CNN)A Toyota van loaded with explosives tried to ram the police headquarters in Iran’s southeastern port city of Chabahar, killing two police officers and the attacker, Iran’s state-run IRNA agency reported Thursday.

    BAGHDAD (AP) — Iraqi officials said five people were killed in a car bomb blast in the city of Tikrit on Sunday, the latest security breach to rattle the country in recent weeks.

    20 killed as three car bombs rock Damascus

    Toll rises to 35 in car bombing outside Benghazi mosque


    People who claim they do dont give a shit about Muslims and them being terrorized. They only want to point a finger at a white crazy and then blame trump for it. Its convienient for the Russian paid trolls here and around the world to whip up a frenzy of hate and try to divide Americans against each other.

    Why is it that terrorists in the Middle east use bombs instead of assault rifles? That would be because if you walk next to where ever your trying to blow up their are 50 people carrying assault rifles. But it does not matter how people die. Its the fact they are killing each other all over the planet and Americans DONT CARE….UNTIL ITS A WHITE NATIONALIST that can somehow be blamed on the right and then all hell brakes lose.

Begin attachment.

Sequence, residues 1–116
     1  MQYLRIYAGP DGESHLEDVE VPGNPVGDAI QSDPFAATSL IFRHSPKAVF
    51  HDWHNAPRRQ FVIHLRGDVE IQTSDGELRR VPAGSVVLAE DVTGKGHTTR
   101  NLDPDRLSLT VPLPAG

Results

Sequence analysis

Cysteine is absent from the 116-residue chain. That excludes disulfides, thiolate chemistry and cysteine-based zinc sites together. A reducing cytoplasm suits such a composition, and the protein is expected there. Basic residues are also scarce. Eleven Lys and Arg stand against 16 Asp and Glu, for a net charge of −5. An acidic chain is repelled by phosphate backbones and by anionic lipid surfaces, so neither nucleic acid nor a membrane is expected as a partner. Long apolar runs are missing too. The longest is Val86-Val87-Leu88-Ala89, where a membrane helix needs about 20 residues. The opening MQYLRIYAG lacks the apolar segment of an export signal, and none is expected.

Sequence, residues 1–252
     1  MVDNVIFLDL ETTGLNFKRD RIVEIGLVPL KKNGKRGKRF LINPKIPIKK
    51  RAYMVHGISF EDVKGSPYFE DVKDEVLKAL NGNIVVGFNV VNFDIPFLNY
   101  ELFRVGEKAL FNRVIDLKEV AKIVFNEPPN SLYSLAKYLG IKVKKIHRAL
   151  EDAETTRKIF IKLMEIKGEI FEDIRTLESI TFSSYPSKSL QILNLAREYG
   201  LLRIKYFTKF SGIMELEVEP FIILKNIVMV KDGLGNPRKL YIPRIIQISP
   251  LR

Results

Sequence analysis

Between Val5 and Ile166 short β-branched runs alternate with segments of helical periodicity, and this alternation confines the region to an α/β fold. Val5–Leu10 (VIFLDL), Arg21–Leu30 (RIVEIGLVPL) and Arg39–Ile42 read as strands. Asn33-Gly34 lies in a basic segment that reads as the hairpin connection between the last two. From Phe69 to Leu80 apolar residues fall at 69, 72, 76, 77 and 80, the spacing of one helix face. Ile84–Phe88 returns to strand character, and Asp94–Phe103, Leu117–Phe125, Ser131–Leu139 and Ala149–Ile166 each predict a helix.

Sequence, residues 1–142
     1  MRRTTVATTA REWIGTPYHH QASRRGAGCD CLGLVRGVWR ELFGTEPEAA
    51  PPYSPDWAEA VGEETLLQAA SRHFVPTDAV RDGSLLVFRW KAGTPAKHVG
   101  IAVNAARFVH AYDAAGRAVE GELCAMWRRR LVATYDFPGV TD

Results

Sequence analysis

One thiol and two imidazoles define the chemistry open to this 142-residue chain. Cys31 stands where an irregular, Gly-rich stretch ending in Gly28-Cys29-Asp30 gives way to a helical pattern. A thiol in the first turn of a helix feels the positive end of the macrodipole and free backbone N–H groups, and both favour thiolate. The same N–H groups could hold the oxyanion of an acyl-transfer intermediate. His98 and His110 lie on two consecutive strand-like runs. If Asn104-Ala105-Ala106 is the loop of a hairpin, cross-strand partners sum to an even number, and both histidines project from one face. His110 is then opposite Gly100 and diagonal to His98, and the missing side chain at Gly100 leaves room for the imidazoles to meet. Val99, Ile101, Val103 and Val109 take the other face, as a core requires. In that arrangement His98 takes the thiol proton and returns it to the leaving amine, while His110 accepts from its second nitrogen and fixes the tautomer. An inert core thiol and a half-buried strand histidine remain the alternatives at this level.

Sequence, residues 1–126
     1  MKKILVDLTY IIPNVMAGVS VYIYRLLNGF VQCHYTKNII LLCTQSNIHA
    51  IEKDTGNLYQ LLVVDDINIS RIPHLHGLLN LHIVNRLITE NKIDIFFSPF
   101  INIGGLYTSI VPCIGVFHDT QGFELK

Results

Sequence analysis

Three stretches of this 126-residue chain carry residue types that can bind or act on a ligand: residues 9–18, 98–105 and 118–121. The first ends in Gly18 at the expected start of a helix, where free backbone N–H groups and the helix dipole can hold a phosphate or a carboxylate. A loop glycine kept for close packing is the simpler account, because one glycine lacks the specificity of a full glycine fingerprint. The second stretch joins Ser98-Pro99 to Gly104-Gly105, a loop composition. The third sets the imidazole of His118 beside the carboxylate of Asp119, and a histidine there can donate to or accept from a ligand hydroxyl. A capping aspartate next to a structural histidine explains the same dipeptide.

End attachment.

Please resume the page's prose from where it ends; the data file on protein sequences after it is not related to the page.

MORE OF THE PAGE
these people make me sick.

    An American couple decided to bicycle around the world in an attempt to prove evil does not exist. They chose to bicycle through ISIS territory and ISIS killed them.

    Evil exists. Everywhere.

    • Bill Bear says:

      Compare and contrast…

      “MOSCOW (Sputnik) – The number of those injured in the Thursday morning car bomb blast in southeastern Iran has risen to 42 people, while two others were killed, Isna reported.”

      Sputnik is a news agency operated by the Russian government.


      “Its convienient for the Russian paid trolls…”


  6. Bill Bear says:

    White Nationalism Is as Much of a Threat to U.S. as ISIS, FBI’s Open Investigations Show